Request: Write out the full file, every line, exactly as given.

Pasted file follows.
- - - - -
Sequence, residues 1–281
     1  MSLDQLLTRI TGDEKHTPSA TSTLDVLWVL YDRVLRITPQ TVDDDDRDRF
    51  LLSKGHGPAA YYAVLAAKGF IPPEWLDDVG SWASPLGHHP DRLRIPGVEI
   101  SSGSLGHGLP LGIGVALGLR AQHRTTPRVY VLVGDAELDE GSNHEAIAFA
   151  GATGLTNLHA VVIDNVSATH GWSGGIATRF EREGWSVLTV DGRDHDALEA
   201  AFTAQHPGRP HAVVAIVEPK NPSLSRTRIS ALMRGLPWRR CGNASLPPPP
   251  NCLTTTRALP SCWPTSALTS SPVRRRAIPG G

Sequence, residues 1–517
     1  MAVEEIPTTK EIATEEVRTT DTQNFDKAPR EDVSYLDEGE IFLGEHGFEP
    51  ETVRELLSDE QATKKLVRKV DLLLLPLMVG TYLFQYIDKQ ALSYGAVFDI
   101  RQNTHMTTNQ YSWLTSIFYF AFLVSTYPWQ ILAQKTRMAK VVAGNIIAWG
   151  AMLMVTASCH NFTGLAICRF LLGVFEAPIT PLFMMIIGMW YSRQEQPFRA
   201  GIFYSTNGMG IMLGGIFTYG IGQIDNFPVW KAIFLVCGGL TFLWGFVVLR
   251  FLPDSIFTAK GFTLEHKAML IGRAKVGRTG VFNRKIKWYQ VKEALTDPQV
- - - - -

Sequence, residues 1–281
     1  MSLDQLLTRI TGDEKHTPSA TSTLDVLWVL YDRVLRITPQ TVDDDDRDRF
    51  LLSKGHGPAA YYAVLAAKGF IPPEWLDDVG SWASPLGHHP DRLRIPGVEI
   101  SSGSLGHGLP LGIGVALGLR AQHRTTPRVY VLVGDAELDE GSNHEAIAFA
   151  GATGLTNLHA VVIDNVSATH GWSGGIATRF EREGWSVLTV DGRDHDALEA
   201  AFTAQHPGRP HAVVAIVEPK NPSLSRTRIS ALMRGLPWRR CGNASLPPPP
   251  NCLTTTRALP SCWPTSALTS SPVRRRAIPG G

Sequence, residues 1–517
     1  MAVEEIPTTK EIATEEVRTT DTQNFDKAPR EDVSYLDEGE IFLGEHGFEP
    51  ETVRELLSDE QATKKLVRKV DLLLLPLMVG TYLFQYIDKQ ALSYGAVFDI
   101  RQNTHMTTNQ YSWLTSIFYF AFLVSTYPWQ ILAQKTRMAK VVAGNIIAWG
   151  AMLMVTASCH NFTGLAICRF LLGVFEAPIT PLFMMIIGMW YSRQEQPFRA
   201  GIFYSTNGMG IMLGGIFTYG IGQIDNFPVW KAIFLVCGGL TFLWGFVVLR
   251  FLPDSIFTAK GFTLEHKAML IGRAKVGRTG VFNRKIKWYQ VKEALTDPQV